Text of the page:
TOP STORY >> Congestion get worse
Leader staff writer
The Arkansas State Highway System, at 16,440 miles, is the 12th largest state highway system in the country.
Of those 16,440 miles, about half or 8,447 miles has been designated as part of the stateís primary highway network and carries 92 percent of all the traffic in the state and, if sometimes it feels like all that traffic converges into central Arkansas, thereís a reason for it.
Based on the latest traffic counts by the Arkansas Highway Department, more than 75,500 vehicles crowd Hwy. 67/167 near McCain Mall on a daily basisóthatís 52 cars per minute all day and night. By the time a driver has reached the southern limits of Cabot, that traffic count falls to 56,400 cars on a daily basis. Near Austin, that total falls to 21,700 vehicles daily, or just 15 cars per minute.
But donít forget where I-440 converges into Hwy. 67/167, more than 23,000 cars either exit or enter Hwy. 67/167 at that point.
In Cabot, the intersection of Highways 38 and 31 sees about 23,000 vehicles a day, according to highway department traffic figures. Hwy. 107 at Kiehl in Sherwood is slightly busier at 26,800 vehicles a day.
These traffic counts and other information were used by Metro-plan to determine what major roads in central Arkansas were congested.
Metroplanís 70-page draft report on central Arkansasí interstates, highways and main roads calls Hwy. 67/167 from Cabot to Little Rock and the reverse seriously congested.
Metroplan puts a lot of the blame for traffic jams on high traffic and construction, but more lanes will be needed even after construction is done. The group has also designated parts of Highways 89 and 107 as congested.
Metroplan, which has been monitoring traffic growth and patterns on central Arkansas roads since 1996, considers a roadway to be congested if the average speed in a 55-mph zone hits 40 mph or less. Roadways where the speed limit is 60 mph, an average speed of 50 mph or less is considered congested.
Roadways segments are rated as mildly, moderately, seriously, severely or extremely congested based on the average speeds.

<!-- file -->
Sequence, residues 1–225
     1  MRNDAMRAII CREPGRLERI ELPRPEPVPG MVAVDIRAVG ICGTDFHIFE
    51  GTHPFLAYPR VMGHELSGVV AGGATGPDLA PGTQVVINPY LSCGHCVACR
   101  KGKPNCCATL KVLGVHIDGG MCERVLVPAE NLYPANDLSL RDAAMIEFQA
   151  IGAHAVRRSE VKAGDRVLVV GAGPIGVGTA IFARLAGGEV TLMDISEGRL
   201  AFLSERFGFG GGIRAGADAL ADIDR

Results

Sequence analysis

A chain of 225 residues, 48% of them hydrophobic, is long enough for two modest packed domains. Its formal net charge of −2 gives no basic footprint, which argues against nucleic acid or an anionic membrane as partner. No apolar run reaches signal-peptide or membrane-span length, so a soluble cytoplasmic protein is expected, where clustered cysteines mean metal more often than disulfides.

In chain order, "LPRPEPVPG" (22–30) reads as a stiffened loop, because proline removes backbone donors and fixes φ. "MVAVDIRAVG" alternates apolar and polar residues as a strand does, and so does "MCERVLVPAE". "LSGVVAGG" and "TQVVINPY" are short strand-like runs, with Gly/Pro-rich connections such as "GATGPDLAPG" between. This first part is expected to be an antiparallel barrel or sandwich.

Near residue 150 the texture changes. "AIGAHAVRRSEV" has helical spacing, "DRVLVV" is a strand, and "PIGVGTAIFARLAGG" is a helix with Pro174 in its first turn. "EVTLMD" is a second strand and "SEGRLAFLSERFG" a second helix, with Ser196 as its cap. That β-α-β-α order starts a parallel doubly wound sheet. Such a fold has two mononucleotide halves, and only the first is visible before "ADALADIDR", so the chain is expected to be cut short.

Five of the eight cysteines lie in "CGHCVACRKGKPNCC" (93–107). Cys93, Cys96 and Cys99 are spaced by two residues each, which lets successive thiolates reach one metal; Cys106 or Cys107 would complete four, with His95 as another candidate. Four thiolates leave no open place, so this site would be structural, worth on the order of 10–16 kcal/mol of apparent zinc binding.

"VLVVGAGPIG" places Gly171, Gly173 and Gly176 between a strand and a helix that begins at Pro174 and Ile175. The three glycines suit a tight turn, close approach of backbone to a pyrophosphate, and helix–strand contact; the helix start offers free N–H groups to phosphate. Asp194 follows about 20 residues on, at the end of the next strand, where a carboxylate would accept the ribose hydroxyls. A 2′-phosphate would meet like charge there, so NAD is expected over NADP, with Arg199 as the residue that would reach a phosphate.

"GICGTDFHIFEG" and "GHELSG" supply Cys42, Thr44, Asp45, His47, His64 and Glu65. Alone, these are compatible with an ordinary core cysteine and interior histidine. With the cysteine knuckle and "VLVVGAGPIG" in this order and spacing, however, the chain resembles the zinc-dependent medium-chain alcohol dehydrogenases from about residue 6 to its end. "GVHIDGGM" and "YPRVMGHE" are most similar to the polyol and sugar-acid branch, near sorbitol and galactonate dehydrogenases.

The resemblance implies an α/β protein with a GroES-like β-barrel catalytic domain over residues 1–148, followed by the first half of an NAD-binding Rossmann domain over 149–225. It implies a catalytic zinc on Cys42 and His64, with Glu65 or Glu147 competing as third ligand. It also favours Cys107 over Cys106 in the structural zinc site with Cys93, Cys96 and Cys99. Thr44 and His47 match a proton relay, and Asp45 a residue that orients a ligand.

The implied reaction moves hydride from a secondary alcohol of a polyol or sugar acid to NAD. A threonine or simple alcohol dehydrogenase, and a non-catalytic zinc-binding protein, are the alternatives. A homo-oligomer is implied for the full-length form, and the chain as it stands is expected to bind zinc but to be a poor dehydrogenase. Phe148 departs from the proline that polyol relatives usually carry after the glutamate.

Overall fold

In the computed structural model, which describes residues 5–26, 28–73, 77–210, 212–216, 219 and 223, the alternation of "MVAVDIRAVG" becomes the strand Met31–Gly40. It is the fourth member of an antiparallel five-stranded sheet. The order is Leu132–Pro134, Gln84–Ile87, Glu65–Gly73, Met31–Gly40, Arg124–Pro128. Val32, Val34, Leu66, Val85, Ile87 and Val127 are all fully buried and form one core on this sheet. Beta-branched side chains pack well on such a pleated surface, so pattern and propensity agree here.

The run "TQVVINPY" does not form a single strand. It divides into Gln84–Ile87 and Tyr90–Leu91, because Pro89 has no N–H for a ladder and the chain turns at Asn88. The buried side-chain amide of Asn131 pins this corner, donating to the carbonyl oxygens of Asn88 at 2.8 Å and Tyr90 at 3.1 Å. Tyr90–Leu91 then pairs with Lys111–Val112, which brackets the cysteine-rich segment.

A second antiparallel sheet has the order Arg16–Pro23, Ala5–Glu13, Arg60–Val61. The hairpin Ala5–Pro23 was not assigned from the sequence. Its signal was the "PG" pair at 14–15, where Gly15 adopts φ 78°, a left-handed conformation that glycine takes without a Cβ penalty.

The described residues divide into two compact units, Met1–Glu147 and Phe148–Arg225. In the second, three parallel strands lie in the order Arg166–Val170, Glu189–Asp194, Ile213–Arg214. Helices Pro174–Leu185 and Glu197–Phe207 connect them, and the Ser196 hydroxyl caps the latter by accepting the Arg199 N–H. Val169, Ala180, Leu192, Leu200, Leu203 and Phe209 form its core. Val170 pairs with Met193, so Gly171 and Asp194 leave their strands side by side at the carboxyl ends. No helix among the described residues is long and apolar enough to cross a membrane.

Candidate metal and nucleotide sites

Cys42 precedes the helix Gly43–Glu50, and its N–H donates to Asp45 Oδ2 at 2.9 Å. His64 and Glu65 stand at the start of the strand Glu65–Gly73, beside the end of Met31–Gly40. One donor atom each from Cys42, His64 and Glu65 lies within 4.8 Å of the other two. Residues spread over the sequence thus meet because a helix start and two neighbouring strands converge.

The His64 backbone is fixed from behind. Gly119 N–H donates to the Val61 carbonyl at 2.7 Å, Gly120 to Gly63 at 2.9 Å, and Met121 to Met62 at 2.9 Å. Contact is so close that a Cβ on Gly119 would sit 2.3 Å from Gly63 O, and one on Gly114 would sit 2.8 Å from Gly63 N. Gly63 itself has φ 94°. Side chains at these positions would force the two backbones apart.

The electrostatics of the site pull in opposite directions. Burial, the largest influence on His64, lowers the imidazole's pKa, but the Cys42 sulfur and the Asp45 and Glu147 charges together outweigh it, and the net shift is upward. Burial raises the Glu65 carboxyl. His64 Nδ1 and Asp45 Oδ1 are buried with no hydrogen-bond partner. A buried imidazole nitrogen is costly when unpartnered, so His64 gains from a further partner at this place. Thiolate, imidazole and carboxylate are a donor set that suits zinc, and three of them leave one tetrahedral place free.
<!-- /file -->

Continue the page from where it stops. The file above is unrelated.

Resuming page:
Five freeway segments are extremely congested including I-440 from Hwy. 161 to Hwy. 67/167 and I-40 from Hwy. 67/167 to I-30.
During peak travel times the average speed on these segments range from 11 to 15 mph, according to the 2007 report.
Of the nearly 337 miles of roadway surveyed by Metroplan, almost 192 miles, or 57 percent, are considered congested and slightly more than half of those miles are classified as severely or extremely congested.
The report says that the morning traffic flow on Hwy. 67/167 from Cabot to Little Rock starts to bog down just north of Jacksonville, around Hwy. 321 and gets progressively worse as traffic makes its way through Jacksonville, but lightens up south of I-440, becoming severely congested again around the McCain Boulevard exit and remains very congested right into Little Rock.
The noon and afternoon surveys show extreme congestion on I-30 just south of the Arkansas River, moderate to mild congestion on I-30 north of the river and along I-40 and up along Hwy. 67/167 until about the Kiehl Avenue exit when traffic become severely congested through Jacksonville, loosening up again about the Lonoke County line south of Cabot.
Metroplan recommends widening I-30 and I-40 to 10-lanes from I-630 to Hwy. 67/167 and making Hwy. 67/167 six lanes from Jacksonville to Cabot.
Hwy. 89, going through Cabot, is listed as seriously congested in the mornings and afternoons.
The 12-mile stretch of Hwy. 107 from Jacksonville-Cato to Third Street in Little Rock is considered to be moderately congested in the mornings. The report says at 7:30 a.m. the average speed on that segment of the highway is 26.5 mph.
At the same time in the morning the average speed on the 13.3-mile stretch of First Street-Hwy. 161-Broadway Avenue from Hwy. 67/167 in Jacksonville to the Broadway Bridge in North Little Rock is borderline congested at 32.5 miles per hour.
Main Street in Jacksonville during the morning rush is considered seriously congested.†The average speed on the 1.04-mile stretch from First Street to Hwy. 67/167 is 16 mph.
The 2.3-mile Brockington-Brookswood route from Hwy. 107 to Hwy. 67/167 is seriously congested during the morning rush, according to the report, with an average speed of 19.2 mph.
The highway department projects that it will take $19.1 billion over the next 10 years to maintain and improve the stateís highway system. The state projects funding of $4.1 billion, leaving a $15 billion shortfall which will force the state to pick and choose its highway projects carefully.